Even though we love a crisp stick shift, we are fully aware that the manual transmission will go the way of the dodo. Which is inevitable, given the take rate of three-pedal cars against their automatic versions.
Toyota shared some interesting sales stats with Carbuzz, showing just how few manual models it sells in the USA. Some of them are less surprising than others, but the numbers show just how increasingly difficult it becomes for automakers to justify a manual option in their models.
The lowest take rate for manual transmissions in Toyota’s lineup belongs to the Corolla, at less than 1 percent. This means that out of the 280,000 Corollas sold in the US during 2018, less than 2,800 of them were ordered with a manual gearbox.
Also Read: 2020 Toyota 86 Hakone Edition Goes Green For U.S., In A Manner Of Speaking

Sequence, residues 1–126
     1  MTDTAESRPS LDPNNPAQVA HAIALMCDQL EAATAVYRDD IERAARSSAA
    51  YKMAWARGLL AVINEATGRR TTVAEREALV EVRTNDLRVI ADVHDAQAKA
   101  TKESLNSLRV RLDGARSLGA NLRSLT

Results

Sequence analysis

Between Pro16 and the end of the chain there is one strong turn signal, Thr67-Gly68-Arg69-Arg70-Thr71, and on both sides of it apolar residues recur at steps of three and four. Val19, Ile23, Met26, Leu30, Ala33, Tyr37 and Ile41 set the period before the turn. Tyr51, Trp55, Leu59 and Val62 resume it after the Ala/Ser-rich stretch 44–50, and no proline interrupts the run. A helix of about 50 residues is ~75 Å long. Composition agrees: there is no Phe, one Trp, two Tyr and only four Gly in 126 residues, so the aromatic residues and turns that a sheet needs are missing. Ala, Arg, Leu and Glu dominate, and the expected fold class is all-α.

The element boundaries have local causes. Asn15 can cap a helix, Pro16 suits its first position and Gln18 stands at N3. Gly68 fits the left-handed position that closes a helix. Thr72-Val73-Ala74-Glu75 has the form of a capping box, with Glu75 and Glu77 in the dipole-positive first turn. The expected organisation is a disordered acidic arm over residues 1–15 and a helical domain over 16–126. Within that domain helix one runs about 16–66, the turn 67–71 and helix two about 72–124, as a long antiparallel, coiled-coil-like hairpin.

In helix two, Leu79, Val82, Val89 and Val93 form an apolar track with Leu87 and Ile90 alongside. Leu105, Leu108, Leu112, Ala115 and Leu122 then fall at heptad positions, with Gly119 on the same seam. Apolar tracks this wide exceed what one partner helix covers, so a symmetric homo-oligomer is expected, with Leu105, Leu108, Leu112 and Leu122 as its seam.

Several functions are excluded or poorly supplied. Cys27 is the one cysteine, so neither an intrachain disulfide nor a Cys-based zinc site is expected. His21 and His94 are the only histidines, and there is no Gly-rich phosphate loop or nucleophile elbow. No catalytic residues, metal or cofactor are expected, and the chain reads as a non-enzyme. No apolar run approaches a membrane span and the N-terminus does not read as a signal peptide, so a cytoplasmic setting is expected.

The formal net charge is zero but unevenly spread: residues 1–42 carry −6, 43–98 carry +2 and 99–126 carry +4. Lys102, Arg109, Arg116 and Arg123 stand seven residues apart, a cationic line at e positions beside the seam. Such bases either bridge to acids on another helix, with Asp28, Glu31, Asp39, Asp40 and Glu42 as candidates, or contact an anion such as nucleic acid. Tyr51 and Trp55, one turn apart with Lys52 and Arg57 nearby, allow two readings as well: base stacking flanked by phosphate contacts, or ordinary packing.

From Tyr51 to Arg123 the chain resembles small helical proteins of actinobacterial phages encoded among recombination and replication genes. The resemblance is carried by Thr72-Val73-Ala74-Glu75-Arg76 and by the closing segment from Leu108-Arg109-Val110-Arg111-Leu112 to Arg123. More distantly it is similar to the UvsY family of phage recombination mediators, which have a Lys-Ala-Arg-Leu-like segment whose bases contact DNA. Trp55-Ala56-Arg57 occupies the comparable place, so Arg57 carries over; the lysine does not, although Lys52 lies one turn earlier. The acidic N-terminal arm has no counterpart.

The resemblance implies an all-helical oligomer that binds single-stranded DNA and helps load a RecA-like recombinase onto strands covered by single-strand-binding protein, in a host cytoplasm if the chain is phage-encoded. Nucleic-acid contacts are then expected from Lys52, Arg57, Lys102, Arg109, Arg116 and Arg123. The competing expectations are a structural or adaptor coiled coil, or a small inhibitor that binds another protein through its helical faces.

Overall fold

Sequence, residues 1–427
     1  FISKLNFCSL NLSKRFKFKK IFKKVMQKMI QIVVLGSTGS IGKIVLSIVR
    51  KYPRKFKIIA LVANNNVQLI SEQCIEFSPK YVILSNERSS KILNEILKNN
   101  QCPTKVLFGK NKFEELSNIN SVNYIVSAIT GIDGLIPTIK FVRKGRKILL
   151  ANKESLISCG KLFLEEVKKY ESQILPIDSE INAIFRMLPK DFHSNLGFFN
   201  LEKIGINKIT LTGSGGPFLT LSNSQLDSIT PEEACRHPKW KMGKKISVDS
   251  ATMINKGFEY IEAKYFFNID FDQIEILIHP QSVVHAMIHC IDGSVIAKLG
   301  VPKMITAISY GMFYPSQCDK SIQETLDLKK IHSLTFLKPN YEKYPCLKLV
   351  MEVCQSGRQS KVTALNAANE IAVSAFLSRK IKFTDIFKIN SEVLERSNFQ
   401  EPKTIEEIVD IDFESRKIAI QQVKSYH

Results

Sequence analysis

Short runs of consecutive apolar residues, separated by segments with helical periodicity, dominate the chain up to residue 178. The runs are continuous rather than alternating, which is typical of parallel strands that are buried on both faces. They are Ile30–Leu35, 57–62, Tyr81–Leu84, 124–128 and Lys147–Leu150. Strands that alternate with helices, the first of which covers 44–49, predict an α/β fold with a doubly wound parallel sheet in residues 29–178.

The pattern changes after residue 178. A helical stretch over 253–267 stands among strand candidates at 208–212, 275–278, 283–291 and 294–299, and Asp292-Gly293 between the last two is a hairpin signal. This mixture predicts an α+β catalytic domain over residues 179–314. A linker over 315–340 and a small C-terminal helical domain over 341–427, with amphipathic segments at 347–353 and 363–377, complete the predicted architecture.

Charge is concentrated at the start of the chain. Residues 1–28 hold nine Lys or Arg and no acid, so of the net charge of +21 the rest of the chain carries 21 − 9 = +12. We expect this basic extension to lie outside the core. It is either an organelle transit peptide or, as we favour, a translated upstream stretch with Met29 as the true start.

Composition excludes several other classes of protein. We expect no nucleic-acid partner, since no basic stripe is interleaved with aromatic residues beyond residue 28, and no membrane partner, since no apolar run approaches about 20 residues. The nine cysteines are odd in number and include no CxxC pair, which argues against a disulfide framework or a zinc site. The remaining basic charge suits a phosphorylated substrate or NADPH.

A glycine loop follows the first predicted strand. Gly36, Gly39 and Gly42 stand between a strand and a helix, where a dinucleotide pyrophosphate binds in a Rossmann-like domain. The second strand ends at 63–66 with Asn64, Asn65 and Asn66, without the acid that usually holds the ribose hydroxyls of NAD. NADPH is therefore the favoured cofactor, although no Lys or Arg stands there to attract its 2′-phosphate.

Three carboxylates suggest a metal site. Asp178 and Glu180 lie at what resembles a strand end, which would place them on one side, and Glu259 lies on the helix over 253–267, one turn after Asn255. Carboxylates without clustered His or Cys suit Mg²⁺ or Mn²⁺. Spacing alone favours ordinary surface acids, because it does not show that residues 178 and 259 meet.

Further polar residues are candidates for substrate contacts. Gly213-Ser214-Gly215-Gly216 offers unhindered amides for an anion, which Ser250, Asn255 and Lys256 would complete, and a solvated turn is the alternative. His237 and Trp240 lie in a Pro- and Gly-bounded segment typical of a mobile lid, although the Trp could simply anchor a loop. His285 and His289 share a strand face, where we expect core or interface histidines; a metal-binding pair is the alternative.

“It’s not very high for the Corolla as a whole, but it is better if you just count the hatchback,” spokesperson Nancy Hubbell commented. Toyota offers the hatchback with a new six-speed unit and the take rate for that sits at 15 percent, but the sedan is by far the biggest seller between the two body styles.
Other Toyotas offered with a manual include the Tacoma and the Yaris, with just 5 percent of buyers dishing the auto. This is one of the reasons the company decided not to offer the 2020, Mazda-built Yaris hatchback with a manual option at all, and it makes perfect sense.
What doesn’t is the 86. The lightweight rear-wheel drive coupe has been praised by everyone for its fun-to-drive and genuinely involving character and comes with a sleek, and character-appropriate, six-speed manual. According to Toyota, though, only 33 percent of 86s sold last year were manuals. And that’s not a supermini of family saloon, but a sports car that’s aimed squarely at those who put driving thrills at the top of their list. Sure, Americans don’t really fancy a third pedal, but this is totally disappointing.
The manual transmission will be a thing of the past in the future, but when even in cars like this it is shunned by two thirds of its buyers, then that future could be much closer than we thought…